Step 9: Go through each parish and eliminate them as having the records you seek. Eventually you will either have success and find your ancestor(s) or you will discover that your ancestors do not appear in the surviving parish records. 

Step 10: I suggest you create a notebook for this project and make notes as you search each set of records. My notebook lists the Parish, the film number, the dates covered and the condition of the records. As well I noted any McGinnis (Magennis) names I found in case one day I find a connection to my family.

My Research Notebook for Irish Catholic Parish Records
If you are looking for instant results you are almost certain to be disappointed. I have  finished searching 17 parishes for my McGinnis ancestors. I have written in dozens of pages in my notebook. I've found many clusters of McGinnis individuals but none are mine. I will carry on searching until I am satisfied that my ancestors are not to be found or I actually find one! Realistically this will be a long slow task possibly taking months of a few hours each day. 

But my motto is "Leave no stone (aka record) unturned!"


Celia Lewis said...

Thanks for your so-helpful post, Lorine. I'm in the same boat for my Northern Ireland ancestors in and around Belfast. I'm not averse to searching page by page, but it seemed quite overwhelming, before reading your post, and seeing your examples. Cheers.

Unknown said...

Thank you, Lorraine for your hard work and great explanation.

Lorine McGinnis Schulze said...

DMac - you're welcome. Hope you have success!

Lorine (not Lorraine, not Lori, always been Lorine)

Lorine McGinnis Schulze said...

Celia good luck! It is not fast or easy but I'm determined to do it. I hope your hunt proves fruitful.

Bernard Vanasse said...

Actually some parishes are not too bad . Was quite surprised in searching places in Offaly .

Michael Collins Dunn said...

In the two cases where I know the parish,I checked them via LDS microfilm 20 years ago and learned the key birth years are missing in both cases. But in one case I know the parents' names and have hopes of finding the marriage or death dates, especially now that I have daily access from home instead of having access to a microfilm for a few days. Add to the faded and illegible handwriting one further caution: in one of my parishes the priest wrote the records in Latin. pretty simple Latin, but still Latin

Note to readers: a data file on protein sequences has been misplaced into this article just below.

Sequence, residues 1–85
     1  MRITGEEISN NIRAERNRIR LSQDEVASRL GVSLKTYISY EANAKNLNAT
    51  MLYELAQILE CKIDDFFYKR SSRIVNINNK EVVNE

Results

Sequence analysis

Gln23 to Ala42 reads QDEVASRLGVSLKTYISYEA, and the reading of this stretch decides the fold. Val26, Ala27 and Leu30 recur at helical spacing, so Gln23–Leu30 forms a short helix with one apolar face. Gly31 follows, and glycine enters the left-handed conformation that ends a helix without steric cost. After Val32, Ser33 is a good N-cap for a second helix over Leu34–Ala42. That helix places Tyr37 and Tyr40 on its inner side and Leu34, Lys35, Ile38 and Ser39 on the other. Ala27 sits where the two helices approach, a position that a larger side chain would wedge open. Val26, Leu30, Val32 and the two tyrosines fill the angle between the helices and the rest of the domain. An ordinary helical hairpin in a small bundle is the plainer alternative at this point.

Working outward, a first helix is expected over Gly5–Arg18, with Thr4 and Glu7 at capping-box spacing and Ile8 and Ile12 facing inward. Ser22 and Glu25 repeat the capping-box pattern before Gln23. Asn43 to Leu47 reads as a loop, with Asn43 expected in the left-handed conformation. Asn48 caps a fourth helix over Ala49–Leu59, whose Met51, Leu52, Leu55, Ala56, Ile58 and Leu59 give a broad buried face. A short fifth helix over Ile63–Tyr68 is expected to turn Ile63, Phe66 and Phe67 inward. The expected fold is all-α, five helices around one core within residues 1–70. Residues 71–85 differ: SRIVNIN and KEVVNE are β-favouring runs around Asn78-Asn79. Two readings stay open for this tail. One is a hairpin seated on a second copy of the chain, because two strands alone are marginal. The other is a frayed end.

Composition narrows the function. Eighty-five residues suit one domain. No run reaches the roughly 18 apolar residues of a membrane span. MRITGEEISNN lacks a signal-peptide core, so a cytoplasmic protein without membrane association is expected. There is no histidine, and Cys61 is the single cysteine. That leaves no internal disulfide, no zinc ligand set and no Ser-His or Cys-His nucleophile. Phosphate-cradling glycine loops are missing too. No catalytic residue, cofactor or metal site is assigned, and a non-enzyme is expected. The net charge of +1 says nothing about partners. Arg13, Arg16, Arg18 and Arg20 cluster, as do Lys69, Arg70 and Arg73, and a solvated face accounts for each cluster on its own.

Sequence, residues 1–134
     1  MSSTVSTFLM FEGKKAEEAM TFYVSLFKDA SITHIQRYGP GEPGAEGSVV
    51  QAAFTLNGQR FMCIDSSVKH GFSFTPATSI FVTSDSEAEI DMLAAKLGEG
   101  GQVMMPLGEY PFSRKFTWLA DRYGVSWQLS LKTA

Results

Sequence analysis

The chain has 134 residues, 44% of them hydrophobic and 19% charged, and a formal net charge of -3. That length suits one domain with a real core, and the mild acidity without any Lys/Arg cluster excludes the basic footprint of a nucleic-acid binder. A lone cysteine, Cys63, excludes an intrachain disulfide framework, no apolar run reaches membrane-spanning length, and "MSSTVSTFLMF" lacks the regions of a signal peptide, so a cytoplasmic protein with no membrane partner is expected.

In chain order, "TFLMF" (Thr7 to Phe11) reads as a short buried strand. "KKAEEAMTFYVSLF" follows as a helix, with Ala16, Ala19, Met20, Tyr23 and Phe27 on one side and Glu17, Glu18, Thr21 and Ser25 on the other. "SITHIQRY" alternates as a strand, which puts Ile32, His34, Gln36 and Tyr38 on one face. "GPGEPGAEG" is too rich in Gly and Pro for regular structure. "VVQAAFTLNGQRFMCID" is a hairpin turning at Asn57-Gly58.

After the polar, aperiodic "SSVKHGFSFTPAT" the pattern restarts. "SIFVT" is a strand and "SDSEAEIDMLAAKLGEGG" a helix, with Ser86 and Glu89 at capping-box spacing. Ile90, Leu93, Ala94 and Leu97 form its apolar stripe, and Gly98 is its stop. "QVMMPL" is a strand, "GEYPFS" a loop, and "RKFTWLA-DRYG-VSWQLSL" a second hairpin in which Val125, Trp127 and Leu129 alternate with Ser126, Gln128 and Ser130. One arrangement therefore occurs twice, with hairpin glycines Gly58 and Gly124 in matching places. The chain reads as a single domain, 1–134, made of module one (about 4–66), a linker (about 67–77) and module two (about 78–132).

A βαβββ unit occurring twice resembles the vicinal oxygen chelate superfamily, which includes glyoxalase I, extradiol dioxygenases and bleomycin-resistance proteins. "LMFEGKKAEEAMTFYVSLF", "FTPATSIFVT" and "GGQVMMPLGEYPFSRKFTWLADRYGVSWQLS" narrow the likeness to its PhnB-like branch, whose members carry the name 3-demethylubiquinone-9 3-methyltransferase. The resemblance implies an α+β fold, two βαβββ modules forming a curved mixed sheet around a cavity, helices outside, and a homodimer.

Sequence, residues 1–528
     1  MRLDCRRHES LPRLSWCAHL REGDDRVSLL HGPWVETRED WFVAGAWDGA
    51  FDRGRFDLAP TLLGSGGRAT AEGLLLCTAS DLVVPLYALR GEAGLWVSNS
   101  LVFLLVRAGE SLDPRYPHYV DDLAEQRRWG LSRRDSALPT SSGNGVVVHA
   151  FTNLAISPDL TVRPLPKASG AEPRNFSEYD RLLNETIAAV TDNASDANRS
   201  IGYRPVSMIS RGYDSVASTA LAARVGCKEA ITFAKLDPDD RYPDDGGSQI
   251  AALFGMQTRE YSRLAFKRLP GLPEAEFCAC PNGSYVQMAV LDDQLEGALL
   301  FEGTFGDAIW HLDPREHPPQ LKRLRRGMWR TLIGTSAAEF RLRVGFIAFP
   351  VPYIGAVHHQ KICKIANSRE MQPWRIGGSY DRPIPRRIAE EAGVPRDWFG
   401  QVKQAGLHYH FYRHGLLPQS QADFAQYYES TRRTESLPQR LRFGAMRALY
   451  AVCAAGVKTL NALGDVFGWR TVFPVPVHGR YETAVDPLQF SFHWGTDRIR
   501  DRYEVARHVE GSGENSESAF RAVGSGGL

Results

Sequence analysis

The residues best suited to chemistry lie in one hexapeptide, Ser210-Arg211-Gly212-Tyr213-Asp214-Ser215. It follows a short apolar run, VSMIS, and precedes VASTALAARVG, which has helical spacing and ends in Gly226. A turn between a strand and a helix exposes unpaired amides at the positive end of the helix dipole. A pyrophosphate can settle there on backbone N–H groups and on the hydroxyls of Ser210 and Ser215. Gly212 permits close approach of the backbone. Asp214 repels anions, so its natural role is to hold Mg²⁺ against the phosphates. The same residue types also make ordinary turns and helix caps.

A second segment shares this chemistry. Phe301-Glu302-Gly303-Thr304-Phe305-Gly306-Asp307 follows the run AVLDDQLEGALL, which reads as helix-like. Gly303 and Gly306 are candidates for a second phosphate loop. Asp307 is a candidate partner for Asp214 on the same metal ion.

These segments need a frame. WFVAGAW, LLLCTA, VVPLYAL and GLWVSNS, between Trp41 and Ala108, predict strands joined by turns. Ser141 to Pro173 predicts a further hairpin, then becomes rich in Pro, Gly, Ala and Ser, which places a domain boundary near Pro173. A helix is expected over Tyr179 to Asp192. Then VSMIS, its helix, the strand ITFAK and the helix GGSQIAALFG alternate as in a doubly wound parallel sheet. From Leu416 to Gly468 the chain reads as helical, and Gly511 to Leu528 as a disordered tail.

Lorine McGinnis Schulze said...

Bernard - yes some parish registers are in top notch handwriting and very legible. Others have faded ink, scribbled writing and missing years. It's hit or miss.

Lorine McGinnis Schulze said...

Michael - thanks for the reminder. I saw some Latin but not much in the parishes I am searching.

Sharon said...

Great tips! They are quite hard records to go through, but still a lot easier than heading to the Ireland, to the National Library, booking a microfiche reader and spending hours going through the records there. It is great to be able to go through them from the comfort of our own homes with cup of coffee in hand.

Jackie Corrigan said...

I'm also searching without knowing which parish in Longford my husband's ancestors come from. I found that by typing Longford in the parish search box, it brought up all the parishes names. Another hint on their help page is to use Giriffith's Valuation and see which parishes are associated with the surname you're searching.
Haven't found what I'm looking for YET, but like you, I plan to keep at it, and keeping a careful research long.

Lori E said...

You have given some great advice. This method will help people in researching all kinds of records. A very smart, common sense plan of attack.
I only wish I had any idea at all where to look but sadly all I know is Ireland. If I live to be 100 I don't think I would have the time to search them all.

David Decker said...

Thanks this might help, I tried but all I know for some family is that they are from Mayo. I tried quickly to narrow down parish but was unable to figure it out. Will have to give it another go. I know I have other family members, but those have been labeled as "Ireland" as birth location, have yet to figure out where exactly in Ireland.